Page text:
Tiramisu has made quite an impression on me. It all started in July 1994 . . .
I had gone to a public relations society meeting in Chicago, and as usually happens at these things, we all went out to dinner together. As fate may have it, we went to Carlucci, an Italian restaurant on North Halsted Street. Food was very good, company was great. Fortune declared that I would sit next to the wife of one of my fellow PR professionals, who -- while perusing the menu after a heavy Italian meal -- noted that Tiramisu was offered.
"What's Tiramisu?" I asked, "I've kind of heard about it, but have no idea what it is."
"Order it. I make great Tiramisu, and I'll tell you if this one is good or not," she said.
"She's right. She makes the best Tiramisu I've ever eaten," her spouse chimed in.
"Okay," I agreed. "I'll order it and you can tell me how this restaurant's compares to yours."
And so it was destined that I would have the very first serving of Tiramisu in my entire life. When it arrived, I took a spoonful and shoved it rather indelicately into my mouth. The spoon froze there, as waves of wonder flooded my mouth. My eyelids drooped. The ambient sound in the room dropped a decibel or two. A tear crept slowly down my cheek. My focus blurred. My shoulders dropped, and my body relaxed completely. I couldn't feel my feet. I . . . oh, excuse me, I got carried away again.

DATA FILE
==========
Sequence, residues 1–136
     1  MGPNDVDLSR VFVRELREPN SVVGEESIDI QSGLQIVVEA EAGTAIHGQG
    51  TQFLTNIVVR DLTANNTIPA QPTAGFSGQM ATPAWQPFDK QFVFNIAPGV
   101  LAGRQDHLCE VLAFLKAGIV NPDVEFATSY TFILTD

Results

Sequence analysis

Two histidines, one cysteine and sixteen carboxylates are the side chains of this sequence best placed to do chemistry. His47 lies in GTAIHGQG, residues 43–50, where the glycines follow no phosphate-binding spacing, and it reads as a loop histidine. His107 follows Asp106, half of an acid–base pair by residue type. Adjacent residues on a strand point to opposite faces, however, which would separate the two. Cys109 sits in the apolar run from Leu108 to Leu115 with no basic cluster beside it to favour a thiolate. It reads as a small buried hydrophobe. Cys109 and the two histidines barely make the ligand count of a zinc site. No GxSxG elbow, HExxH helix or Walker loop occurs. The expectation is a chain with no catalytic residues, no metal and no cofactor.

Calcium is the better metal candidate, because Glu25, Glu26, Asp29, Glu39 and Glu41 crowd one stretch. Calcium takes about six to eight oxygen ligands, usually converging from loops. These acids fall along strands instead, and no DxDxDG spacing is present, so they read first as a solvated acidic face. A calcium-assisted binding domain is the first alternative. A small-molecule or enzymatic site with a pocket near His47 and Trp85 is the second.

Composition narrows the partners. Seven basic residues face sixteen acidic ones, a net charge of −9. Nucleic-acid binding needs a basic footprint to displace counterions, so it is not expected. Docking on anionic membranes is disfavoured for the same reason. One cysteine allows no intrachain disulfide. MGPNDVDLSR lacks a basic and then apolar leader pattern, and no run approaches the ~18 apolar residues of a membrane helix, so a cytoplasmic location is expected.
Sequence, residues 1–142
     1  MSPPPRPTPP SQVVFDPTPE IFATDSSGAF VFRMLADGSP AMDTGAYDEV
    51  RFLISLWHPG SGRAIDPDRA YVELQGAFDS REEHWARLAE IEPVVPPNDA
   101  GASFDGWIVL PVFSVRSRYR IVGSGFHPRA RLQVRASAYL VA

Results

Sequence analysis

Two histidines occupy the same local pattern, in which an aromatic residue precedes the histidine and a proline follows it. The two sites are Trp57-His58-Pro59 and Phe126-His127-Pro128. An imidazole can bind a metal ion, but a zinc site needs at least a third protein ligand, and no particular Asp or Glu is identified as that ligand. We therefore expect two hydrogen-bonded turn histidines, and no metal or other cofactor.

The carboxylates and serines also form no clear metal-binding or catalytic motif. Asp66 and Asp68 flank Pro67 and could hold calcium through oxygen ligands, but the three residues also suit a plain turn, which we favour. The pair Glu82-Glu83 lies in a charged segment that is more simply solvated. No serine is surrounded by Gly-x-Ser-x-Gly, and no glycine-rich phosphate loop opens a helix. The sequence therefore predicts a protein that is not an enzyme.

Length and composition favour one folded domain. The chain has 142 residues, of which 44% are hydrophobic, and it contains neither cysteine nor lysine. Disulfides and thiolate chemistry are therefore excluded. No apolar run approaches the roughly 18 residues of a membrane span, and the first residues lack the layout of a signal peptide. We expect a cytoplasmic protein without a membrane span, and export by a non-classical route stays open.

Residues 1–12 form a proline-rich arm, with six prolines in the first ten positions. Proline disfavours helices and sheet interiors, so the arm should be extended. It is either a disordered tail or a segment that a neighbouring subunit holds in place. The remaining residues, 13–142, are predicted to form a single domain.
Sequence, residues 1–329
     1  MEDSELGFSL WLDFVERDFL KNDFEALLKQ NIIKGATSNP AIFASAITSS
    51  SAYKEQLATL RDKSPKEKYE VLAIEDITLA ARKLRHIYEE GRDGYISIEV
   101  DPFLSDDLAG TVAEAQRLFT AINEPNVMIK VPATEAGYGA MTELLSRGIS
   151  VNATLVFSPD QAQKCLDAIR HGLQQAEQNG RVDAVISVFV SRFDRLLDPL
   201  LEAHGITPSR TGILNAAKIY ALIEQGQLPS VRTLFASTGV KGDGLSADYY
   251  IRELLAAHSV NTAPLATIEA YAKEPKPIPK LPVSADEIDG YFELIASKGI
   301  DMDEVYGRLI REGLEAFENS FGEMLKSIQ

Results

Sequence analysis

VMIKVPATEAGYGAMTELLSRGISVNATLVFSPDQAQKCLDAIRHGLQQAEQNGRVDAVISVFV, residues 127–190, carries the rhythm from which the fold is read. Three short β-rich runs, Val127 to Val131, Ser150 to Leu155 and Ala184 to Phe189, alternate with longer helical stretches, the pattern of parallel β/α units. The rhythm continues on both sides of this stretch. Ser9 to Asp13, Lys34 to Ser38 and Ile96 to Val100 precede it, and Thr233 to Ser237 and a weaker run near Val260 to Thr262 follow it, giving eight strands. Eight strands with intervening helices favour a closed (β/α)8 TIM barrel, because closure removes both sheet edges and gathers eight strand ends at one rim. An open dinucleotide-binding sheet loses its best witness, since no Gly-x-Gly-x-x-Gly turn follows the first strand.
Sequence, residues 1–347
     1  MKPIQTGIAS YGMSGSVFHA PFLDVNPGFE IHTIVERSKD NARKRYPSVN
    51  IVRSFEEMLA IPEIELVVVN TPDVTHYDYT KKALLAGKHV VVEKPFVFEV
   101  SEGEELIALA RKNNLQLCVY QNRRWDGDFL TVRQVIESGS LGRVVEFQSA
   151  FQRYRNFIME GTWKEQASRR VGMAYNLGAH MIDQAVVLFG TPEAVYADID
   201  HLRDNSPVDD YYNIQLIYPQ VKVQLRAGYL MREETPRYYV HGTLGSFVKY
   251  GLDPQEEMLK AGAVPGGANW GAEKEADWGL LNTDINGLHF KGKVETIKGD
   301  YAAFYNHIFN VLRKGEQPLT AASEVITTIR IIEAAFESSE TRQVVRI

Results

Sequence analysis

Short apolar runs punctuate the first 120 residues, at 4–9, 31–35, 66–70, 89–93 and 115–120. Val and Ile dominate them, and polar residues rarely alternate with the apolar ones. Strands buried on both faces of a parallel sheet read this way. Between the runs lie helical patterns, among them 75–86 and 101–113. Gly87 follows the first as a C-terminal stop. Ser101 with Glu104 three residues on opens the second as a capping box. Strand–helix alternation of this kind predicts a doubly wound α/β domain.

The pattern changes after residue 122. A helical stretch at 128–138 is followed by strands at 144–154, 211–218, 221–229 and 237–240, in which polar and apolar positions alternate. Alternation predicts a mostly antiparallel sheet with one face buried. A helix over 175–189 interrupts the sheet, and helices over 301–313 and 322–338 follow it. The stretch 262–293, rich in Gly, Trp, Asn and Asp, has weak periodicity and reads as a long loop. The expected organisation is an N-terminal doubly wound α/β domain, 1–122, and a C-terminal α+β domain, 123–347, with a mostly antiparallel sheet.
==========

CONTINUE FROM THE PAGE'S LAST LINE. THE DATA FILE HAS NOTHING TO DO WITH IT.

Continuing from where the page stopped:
"My God," I thought, "what if she says this particular Tiramisu DOESN'T measure up? If I ever tasted anything better than this, I'll have a coronary on the spot."
Gathering my composure, I turned to ask her what she thought. I had to speak to catch her attention. Her eyes were closed. I looked over at her husband. HIS eyes were closed.
"This is excellent," she whispered. "As good as mine."
"Well, from now on, I'll have to compare every other Tiramisu I eat to this one," I told her, then promptly announced to the rest of the people at my table that I fully intended to become a Tiramisu Gourmet.
As an aside, for your information, I've always felt that one shouldn't use the word "love" in relation to food. Remember the question: "Do you eat to live, or live to eat?" It always bothered me. So "love" was used sparingly in relation to food.
Except for Tiramisu. I love Tiramisu.
The Carlucci Tiramisu Recipe is now available on this website.
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